Used to make cancer drugs, Taxus wallicihiana is a conifer native to the Himalayas. It provides both extremely durable building materials and contains chemical compounds for the vital anti-cancer drug, paclitaxel, for which it has been illegally exploited for in recent years. A 90% decline has been recorded in major parts of its range by the International Union for Conservation of Nature (IUCN).

Also a treasure, Ensete ventricosum, a plant in the banana family that grows in the wild in eastern, central, and southern Africa. It has been cultivated for thousands of years, exclusively in Ethiopia, becoming a staple crop for 20 million people. The crop is particularly resilient and has great potential for improving food security in Ethiopia and other parts of Africa, especially in areas affected by drought. Kew scientists are carrying out research to find out more about the biology of the crop and how could be a possible food of the future.

At the start of the restoration of the Temperate House, 500 plants were removed from the glasshouse and housed in a temporary nursery behind the scenes, to be propagated and nurtured by Kew’s leading horticulturists. During the past year, 10,000 plants have been carefully re-planted into the newly restored structure.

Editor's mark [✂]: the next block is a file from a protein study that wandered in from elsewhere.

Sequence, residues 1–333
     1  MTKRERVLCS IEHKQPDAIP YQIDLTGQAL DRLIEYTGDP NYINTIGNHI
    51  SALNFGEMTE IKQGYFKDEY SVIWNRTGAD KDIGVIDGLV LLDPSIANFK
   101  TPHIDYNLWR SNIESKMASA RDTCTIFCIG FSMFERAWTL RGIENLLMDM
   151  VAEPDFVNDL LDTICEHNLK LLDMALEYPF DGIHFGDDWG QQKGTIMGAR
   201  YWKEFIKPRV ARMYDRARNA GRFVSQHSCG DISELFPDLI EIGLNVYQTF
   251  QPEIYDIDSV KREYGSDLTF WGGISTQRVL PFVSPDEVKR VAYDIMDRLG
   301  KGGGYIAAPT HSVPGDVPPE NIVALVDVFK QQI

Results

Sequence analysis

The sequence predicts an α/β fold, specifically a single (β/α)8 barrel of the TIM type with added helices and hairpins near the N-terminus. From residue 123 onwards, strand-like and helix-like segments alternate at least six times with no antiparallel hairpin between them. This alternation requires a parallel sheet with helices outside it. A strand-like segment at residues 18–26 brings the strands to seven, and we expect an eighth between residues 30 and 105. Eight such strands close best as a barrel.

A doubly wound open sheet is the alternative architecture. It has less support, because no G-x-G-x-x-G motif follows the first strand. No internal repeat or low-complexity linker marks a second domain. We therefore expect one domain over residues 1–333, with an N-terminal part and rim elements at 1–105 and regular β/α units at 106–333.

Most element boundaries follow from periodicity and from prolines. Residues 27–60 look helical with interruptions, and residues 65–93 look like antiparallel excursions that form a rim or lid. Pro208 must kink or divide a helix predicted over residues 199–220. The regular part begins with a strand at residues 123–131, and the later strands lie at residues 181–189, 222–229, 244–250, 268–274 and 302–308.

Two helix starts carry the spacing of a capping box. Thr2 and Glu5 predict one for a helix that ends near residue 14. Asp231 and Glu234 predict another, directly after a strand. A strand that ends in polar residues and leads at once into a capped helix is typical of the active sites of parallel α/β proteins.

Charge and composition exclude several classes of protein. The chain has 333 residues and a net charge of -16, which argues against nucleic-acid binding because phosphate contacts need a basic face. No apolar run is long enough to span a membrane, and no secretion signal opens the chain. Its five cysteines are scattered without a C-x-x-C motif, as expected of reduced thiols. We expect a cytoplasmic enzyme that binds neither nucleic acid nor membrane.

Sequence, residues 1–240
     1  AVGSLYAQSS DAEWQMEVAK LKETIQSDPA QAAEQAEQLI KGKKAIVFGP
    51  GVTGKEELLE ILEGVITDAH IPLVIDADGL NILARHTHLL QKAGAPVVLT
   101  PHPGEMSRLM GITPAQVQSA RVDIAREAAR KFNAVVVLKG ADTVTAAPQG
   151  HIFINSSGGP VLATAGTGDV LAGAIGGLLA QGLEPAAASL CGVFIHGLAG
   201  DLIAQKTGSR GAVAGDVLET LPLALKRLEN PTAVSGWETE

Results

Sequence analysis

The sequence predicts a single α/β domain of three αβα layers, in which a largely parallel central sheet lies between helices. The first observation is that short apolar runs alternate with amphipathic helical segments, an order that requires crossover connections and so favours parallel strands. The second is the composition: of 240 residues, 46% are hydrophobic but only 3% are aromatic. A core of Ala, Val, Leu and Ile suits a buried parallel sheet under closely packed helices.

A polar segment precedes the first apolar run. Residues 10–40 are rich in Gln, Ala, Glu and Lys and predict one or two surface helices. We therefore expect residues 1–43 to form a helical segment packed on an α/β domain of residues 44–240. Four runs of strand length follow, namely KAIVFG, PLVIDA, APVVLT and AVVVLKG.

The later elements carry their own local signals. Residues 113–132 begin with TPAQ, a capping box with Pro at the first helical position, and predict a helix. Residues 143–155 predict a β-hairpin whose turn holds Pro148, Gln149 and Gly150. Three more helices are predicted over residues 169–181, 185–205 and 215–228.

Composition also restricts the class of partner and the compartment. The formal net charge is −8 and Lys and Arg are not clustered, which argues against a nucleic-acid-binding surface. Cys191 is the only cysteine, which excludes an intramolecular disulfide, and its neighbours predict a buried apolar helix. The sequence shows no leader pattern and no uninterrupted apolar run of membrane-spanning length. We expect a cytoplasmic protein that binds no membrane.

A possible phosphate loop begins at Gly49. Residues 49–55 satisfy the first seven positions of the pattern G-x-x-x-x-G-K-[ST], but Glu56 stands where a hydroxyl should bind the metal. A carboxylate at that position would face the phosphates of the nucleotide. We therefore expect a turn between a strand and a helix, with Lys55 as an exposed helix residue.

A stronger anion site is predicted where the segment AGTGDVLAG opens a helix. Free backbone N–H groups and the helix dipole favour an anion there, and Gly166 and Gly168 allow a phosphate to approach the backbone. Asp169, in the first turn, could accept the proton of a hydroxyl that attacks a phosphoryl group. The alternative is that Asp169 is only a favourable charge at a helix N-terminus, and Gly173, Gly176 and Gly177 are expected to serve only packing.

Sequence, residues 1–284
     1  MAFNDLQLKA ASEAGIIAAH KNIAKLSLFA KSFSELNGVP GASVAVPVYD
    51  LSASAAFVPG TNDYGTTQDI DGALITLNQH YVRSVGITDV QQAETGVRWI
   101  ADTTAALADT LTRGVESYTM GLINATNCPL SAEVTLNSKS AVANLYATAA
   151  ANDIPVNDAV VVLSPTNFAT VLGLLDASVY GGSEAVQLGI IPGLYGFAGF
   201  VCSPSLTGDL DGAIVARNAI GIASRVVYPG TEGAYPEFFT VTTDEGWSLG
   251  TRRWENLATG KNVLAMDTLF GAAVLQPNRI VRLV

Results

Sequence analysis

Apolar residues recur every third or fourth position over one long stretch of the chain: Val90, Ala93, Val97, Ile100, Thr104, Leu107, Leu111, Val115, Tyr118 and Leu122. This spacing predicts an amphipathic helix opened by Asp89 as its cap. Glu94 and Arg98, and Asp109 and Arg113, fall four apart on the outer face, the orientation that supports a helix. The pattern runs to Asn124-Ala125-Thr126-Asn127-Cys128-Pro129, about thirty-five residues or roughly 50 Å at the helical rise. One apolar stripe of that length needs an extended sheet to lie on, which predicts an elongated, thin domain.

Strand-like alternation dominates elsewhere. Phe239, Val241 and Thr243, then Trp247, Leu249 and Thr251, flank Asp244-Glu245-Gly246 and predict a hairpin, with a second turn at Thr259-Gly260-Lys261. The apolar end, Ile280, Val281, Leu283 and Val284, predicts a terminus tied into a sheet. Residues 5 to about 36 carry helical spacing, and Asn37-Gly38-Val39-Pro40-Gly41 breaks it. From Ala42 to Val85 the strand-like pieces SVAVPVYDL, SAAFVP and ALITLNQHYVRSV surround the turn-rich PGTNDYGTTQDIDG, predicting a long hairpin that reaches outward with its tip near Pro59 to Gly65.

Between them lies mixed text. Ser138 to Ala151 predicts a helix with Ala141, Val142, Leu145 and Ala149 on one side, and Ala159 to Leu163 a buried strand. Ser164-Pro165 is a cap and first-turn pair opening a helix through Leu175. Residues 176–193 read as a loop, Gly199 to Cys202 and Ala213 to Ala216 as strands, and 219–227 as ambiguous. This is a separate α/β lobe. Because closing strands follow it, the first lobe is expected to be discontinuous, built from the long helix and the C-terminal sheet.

The glasshouse is now home to a world of luscious plant life and sumptuous, romantic beauty, but it also reveals an urgent message, that plants are the foundation of all life on earth, and they are in trouble. With the global challenges of climate change, biodiversity loss and food security, these incredible plant collections, resplendent in their newly renovated home, will highlight Kew’s role in safeguarding rare and threatened plants from extinction

Rebecca Wallersteiner

Rebecca Wallersteiner

Rebecca Wallersteiner is a health and arts journalist, who writes for The Daily Mail, Mail on Sunday, NetDoctor, Telegraph, The Times, Traveller and
The Oldie magazines. She also works for the NHS and is the Hippocratic Post's roving reporter.
Rebecca Wallersteiner